There are some native, edible yams that grow wild right here in North America. Fourleaf yam (Dioscorea quaternata), and the wild yam (Dioscorea villosa) are native across the Eastern United States and were used as food sources by the Native Americans there.
Mansplaining Yams and Sweet Potatoes
If you look for information about yams vs sweet potatoes on the internet, you’ll find a million comparisons that say things like “sweet potatoes have smooth skin and yams have rough skin,” and “sweet potatoes are more moist than yams.” Of course, if you’re only holding one or the other, you don’t have anything to compare it against, and this isn’t very much help.
And much of the information that’s out there is targeted at the average American grocery store consumer. So, the overall message you’ll find is something like this, “People in America call sweet potatoes ‘yams.’ Yams are from Africa, and we don’t have yams in America; we only have sweet potatoes.”
That’s sort of right, but it’s sort of wrong too. It assumes that you are someone who would never shop in an ethnic market or a specialty food store; someone who would never forage for wild food; and someone who would never take a random root from the farmers market and plop it in the dirt just to see what happens – and I think I know you better than that.
We’re an American Yam!
We do have yams in America. Actual, true Dioscorea yams. In the age of the internet and the sustainable farming revolution – you better believe that there are yams in America. You want a yam? I can get you a yam by Tuesday…
In addition to the wild yams that are native to America, culinary yams have been grown here, and continue to be grown here – in small volumes by independent growers.
All the way back in 1896, Robert Henderson Price referred to sweet yam (Dioscorea sativa) being grown in Georgia and Florida. He also referred to Chinese yam (Dioscorea polystachya) being imported from France to the US around 1850. That yam had been acquired by the French Consul in Shanghai, while France was trying to find alternative crops to respond to the potato blight in 1848.
In 2009, the USDA reported on 5 species of yams that are considered foreign invasive species in the US – some of which were brought here as food crops.
And in addition to actual yams, there are many other things that might be sold as “yams” that are not truly yams.
More about potato blight: Monocultures
Eating Versus Growing
If you are the “average American grocery store consumer,” then the confusion about yams shouldn’t be a problem for you. You buy your sweet potatoes at the grocery store, cook them, and eat them. Who cares if they’re labeled as yams?
But it’s a little more complicated for the home grower.
In most of North America, making the mistake of planting Dioscorea yams instead of sweet potatoes could cost you your whole harvest. Most of the culinary yams have a growing season that is too long for our climate, and they will freeze before they yield.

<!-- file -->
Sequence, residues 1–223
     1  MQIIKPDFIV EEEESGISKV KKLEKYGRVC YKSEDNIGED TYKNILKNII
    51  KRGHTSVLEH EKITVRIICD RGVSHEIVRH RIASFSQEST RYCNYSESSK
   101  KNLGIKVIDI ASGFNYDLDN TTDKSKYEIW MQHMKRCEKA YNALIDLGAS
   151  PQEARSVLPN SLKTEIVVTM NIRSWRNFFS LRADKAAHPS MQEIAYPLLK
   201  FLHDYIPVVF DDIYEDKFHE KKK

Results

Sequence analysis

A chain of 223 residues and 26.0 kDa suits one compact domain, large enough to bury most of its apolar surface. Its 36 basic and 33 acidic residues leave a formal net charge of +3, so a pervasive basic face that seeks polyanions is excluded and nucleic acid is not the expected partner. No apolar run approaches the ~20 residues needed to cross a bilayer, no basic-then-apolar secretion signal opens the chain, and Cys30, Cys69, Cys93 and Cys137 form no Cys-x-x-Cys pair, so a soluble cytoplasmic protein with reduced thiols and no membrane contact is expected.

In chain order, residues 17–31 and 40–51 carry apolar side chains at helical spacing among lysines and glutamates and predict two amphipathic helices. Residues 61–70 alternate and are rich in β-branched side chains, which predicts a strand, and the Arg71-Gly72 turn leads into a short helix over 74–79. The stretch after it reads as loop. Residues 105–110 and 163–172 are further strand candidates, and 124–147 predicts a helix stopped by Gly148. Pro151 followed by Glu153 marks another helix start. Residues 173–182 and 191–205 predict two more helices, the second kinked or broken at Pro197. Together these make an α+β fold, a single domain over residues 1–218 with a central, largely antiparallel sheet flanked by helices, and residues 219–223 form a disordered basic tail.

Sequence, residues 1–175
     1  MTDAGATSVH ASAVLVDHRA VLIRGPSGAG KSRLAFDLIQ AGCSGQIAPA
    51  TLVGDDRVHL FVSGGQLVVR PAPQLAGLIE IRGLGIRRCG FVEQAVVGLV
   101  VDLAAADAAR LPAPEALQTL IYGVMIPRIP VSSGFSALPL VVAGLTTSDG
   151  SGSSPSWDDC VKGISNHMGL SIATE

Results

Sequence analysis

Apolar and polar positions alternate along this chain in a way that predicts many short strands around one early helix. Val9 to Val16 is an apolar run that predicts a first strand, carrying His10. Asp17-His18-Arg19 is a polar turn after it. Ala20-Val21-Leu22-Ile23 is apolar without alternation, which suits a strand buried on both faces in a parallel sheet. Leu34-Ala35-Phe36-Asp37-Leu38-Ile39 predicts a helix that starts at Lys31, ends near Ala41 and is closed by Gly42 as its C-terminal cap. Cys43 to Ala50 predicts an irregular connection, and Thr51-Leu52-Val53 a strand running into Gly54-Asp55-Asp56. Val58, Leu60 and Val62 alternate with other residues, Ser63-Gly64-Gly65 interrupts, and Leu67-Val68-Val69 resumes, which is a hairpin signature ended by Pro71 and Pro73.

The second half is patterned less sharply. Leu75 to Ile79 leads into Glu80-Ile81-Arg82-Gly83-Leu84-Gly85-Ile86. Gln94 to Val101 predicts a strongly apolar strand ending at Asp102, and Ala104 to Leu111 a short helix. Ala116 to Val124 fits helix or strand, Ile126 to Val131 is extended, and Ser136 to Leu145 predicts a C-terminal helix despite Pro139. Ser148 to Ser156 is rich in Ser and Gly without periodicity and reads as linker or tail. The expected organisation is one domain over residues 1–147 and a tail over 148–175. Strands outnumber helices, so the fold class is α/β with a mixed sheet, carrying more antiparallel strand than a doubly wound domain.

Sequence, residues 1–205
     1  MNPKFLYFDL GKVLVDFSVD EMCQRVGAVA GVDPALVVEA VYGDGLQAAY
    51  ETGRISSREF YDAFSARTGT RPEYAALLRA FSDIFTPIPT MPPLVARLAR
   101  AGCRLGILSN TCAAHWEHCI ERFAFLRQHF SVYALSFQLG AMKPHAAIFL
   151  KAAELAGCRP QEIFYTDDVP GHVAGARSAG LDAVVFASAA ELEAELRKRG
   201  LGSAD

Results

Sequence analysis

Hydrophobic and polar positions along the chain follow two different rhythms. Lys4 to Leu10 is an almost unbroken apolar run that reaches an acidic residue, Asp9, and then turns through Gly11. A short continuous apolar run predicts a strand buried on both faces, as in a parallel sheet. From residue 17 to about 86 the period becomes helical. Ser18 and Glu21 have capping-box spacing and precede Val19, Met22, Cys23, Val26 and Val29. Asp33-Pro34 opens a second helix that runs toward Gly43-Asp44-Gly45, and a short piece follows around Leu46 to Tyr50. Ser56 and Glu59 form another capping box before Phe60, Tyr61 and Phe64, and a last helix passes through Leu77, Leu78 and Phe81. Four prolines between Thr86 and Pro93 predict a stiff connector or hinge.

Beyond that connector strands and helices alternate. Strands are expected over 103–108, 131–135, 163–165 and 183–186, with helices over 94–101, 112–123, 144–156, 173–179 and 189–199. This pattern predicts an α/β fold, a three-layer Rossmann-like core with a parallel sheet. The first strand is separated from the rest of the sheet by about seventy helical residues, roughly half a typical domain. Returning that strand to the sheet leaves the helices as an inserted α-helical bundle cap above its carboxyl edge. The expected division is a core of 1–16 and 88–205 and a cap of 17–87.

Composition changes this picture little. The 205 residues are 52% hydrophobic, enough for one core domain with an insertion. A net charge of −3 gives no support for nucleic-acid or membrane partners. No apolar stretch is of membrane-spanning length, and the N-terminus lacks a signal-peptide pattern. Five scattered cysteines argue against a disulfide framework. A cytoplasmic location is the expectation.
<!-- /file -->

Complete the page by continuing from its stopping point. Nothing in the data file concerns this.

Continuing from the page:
Many people enjoy eating their sweet potatoes raw. But most true yams shouldn’t be eaten raw. Some contain toxins, and most contain bitter compounds, so yams are typically soaked or boiled before consumption.
Sweet potatoes also offer more nutrition than yams – so even if you’re in a tropical region where you could grow yams, it probably makes more sense for you to use your precious garden space for sweet potatoes.
So do a little due diligence before you plant, and make sure that you know what you’re putting in the ground. How will you know? The best approach is probably to get your planting material from a source that uses the Latin botanical names for their plants.
In fact, the only person who ever gets a clear answer to the question “What the hell is a yam?” is the botanist.
Read more: Which Spud is Superior? White Potato vs Sweet Potato
Latin, the Universal Language
In the hypothetical global food market we talked about above, there was potentially a lot of confusion about what a yam is. The word “yam” can mean one thing in New Zealand, a different thing in Japan, and yet another thing in Polynesia. It’s confusing all around the world.
But the botanist has no problem. She can ask a Chinese vendor for Dioscorea sativa, and she’ll know that the root she receives is the same plant she gets when she asks a Mexican vendor for Dioscorea sativa. Problem solved.
And it will work just as well for sweet potatoes. Request Ipomea batatas anywhere in the world, and what you get will be a sweet potato.
1: The origin and evolution of sweet potato (Ipomoea batatas Lam.) and its wild relatives through the cytogenetic approaches. http://citeseerx.ist.psu.edu/viewdoc/download;jsessionid=016E4C6C53AD973BF8DA3ADC090A514C?doi=10.1.1.617.4992&rep=rep1&type=pdf
2: Library of Congress, What is the difference between sweet potatoes and yams? http://www.loc.gov/rr/scitech/mysteries/sweetpotato.html3: USDA SNAP-Ed Connection, Sweet Potatoes and Yams. https://snaped.fns.usda.gov/nutrition-through-seasons/seasonal-produce/sweet-potatoes-and-yams
4: Wiener, Leo. Africa and the Discovery of America, Volume 1. Innes & Sons 1920. Philadelphia.
5: Price, R. H. Sweet Potato Culture for Profit. Texas Farm and Ranch Publishing Company 1896. Dallas.
6: USDA Plant Profile: Dioscorea. http://plants.usda.gov/core/profile?symbol=DIOSC
7: U.S. Forest Service: Discorea spp. http://www.fs.fed.us/database/feis/plants/vine/diospp/all.html
8: The Congo Cookbook: Yam. http://www.congocookbook.com/staple_dish_recipes/yam.html
9: Wikipedia: Sweet Potato. https://en.wikipedia.org/wiki/Sweet_potato
10: Wikipedia: Yam (vegetable). https://en.wikipedia.org/wiki/Yam_(vegetable)
11: Wikipedia: Taro. https://en.wikipedia.org/wiki/Taro